Saturday, November 02, 2013

More than fine tuning

Successive governments have tinkered with the exam system in the UK. When I was at school we sat GCEs and the grades were 1 to 6 for a pass with 1 as the top grade.

Then when I started teaching, they introduced CSEs for lower ability students. The top grade was said to be equivalent to a C at GCE (yes they had changed the grades to letters). Later they merged the two exams into the new GCSE which was supposedly for all students.

However it  soon became evident that the exam papers were just too hard for low ability students in some subjects so they introduced tiers in those. The grades ran from A to G with U representing a fail. The magic grade though was a C or above.

At first the GCSE was exam based in the academic subjects but had an element of coursework in subjects like Art. Gradually the notion of coursework appeared in more subjects along with a modular system of assessment in for example maths. 

As attainment in the exam increased, so the exam boards responded with an A* grade for the top achievers. This was meant to allow certain universities the opportunity to pick the very best candidates for courses.

With the advent of OFSTED and league tables, schools naturally looked at ways they could improve the grades of their students at GCSE. One way was to seek out exam boards that offered easier exams and a greater reliance on coursework. The other way was to enter students in year 10 which meant that, if they did not achieve a good grade, there was time to enter them again and again. I recall pupils at Anfield who had taken English language or mathematics up to 6 times to try and get a C grade.   

However, some universities became wary of those qualifications that relied largely on coursework. There was always the notion that teachers offered rather too much guidance to their pupils completing coursework  thus inflating the grades achieved.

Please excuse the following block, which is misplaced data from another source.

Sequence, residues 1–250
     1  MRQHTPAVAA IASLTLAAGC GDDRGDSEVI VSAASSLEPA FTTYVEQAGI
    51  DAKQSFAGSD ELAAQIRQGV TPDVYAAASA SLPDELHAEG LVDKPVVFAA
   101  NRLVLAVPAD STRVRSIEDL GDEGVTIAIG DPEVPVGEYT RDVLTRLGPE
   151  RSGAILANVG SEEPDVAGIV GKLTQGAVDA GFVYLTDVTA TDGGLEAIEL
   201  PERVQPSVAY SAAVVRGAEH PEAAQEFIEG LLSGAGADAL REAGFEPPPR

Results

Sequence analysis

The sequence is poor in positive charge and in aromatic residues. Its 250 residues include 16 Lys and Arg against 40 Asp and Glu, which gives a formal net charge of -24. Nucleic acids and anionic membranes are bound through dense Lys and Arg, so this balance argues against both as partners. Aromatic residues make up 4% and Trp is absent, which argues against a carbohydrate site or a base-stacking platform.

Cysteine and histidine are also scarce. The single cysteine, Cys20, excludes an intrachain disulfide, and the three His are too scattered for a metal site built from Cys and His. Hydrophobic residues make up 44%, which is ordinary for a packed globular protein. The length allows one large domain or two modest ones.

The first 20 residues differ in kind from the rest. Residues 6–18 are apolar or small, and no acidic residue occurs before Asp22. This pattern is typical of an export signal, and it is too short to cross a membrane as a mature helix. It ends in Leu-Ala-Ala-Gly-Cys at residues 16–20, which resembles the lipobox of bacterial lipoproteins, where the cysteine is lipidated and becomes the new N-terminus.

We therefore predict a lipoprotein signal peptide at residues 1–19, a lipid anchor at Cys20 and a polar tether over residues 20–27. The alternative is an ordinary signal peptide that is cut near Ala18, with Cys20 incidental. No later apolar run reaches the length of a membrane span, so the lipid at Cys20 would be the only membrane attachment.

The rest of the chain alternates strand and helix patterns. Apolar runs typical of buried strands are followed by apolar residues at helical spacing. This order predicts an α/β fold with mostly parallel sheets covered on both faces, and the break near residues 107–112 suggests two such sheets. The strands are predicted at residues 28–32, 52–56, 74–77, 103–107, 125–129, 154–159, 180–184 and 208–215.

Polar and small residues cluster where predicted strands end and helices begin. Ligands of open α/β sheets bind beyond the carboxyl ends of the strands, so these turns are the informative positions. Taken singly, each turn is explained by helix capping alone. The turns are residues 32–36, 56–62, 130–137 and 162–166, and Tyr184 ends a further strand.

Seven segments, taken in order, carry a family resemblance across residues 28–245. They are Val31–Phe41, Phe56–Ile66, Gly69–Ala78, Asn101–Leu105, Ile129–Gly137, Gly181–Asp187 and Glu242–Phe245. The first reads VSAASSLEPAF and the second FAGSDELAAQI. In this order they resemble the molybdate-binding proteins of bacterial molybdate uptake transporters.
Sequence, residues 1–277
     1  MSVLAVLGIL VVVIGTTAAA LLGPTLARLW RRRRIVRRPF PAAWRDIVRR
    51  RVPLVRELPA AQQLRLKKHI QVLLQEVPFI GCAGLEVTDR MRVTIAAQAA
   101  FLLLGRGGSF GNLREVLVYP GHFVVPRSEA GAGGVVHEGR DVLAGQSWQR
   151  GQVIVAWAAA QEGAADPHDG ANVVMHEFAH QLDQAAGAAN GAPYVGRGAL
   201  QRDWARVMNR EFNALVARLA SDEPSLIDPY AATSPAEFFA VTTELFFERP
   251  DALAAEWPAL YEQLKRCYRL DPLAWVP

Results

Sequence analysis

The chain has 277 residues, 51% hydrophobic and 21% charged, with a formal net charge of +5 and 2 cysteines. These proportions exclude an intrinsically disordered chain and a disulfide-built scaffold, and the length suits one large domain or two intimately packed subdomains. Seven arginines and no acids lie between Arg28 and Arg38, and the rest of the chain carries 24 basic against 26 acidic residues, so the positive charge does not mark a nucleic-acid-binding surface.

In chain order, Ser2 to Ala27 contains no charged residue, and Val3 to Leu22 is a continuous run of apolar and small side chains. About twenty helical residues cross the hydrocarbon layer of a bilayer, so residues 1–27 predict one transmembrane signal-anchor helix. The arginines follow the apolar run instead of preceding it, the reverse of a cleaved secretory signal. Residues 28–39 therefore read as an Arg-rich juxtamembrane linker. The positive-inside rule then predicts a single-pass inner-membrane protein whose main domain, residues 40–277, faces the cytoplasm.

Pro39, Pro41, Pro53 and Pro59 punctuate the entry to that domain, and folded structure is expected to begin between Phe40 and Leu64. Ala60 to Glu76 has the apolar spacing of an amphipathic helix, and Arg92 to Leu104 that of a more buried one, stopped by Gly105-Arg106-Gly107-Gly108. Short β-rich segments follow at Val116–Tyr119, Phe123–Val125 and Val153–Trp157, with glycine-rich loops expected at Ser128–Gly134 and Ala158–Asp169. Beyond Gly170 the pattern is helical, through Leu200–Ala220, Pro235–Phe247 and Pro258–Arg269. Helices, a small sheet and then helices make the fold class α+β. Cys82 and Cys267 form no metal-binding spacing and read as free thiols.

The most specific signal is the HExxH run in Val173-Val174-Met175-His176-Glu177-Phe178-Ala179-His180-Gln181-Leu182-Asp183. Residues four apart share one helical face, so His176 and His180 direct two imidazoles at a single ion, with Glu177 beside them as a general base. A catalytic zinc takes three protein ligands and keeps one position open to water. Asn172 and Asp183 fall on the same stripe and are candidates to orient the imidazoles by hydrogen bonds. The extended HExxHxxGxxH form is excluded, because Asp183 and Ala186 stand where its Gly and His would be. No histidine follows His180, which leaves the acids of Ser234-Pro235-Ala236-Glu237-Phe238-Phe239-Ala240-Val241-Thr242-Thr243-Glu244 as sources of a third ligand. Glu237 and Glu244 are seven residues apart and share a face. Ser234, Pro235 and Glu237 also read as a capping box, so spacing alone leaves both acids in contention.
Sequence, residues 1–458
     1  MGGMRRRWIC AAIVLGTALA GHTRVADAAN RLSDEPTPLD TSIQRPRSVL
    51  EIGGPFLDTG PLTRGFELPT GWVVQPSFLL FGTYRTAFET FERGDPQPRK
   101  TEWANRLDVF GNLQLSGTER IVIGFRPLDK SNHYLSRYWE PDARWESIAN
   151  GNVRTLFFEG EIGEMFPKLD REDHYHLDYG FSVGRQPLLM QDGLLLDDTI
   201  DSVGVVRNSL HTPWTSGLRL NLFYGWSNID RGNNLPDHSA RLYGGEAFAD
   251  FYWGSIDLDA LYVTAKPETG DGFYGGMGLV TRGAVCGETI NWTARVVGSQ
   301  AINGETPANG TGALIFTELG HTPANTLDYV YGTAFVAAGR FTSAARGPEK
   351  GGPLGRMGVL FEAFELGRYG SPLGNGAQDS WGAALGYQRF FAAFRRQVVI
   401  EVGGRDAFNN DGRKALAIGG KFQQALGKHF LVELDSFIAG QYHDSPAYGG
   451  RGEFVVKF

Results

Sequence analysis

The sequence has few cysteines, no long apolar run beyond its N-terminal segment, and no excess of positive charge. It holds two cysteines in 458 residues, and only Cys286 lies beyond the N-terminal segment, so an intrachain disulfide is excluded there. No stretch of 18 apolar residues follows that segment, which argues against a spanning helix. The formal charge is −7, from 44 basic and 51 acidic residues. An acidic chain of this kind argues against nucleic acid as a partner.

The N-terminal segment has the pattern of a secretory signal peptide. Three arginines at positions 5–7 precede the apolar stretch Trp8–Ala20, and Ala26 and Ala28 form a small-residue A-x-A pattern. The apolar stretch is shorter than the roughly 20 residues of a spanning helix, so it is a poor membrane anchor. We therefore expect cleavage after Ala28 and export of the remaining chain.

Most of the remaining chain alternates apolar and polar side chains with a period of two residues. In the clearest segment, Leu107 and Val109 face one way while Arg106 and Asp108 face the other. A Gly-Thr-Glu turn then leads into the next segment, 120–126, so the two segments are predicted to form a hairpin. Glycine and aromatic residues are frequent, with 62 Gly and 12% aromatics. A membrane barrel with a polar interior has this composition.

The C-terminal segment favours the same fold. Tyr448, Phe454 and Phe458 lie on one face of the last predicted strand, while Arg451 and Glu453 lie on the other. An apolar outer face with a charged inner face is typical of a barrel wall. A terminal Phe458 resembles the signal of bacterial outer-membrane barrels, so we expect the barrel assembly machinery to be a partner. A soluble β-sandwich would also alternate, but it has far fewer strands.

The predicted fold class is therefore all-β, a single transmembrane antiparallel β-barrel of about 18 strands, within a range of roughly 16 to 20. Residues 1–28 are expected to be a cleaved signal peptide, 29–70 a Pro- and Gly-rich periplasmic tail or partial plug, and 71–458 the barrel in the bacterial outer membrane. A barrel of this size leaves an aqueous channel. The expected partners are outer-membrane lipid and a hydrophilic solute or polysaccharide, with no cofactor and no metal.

The rising numbers of pupils achieving high grades at GCSE caused widespread concern that the exam had been dumbed down. In order to give it more clout, the government are once again tinkering with it. This time they are changing the grades to numbers from 1 to 9 with 9 being the highest level. At the same time, they are moving towards exam only based qualifications i.e. doing away with coursework and at the same time scrapping modular courses. The exams will be at the end of the course in the summer term. They say this will reintroduce necessary rigour.

Faced with findings that showed e.g 16- to 24-year-olds in England ranked 21st for numeracy out of 24 countries, the government are shoring up English and maths by insisting on a wider range of topics in maths and putting a greater emphasis on spelling, punctuation and grammar in English.

These measures will raise the bar for schools who will struggle to meet their targets for 5 x A-C grades (or 5 x 7 –9 grades as it will be then) including maths and English. How glad am I to be well out of the system.  

No comments: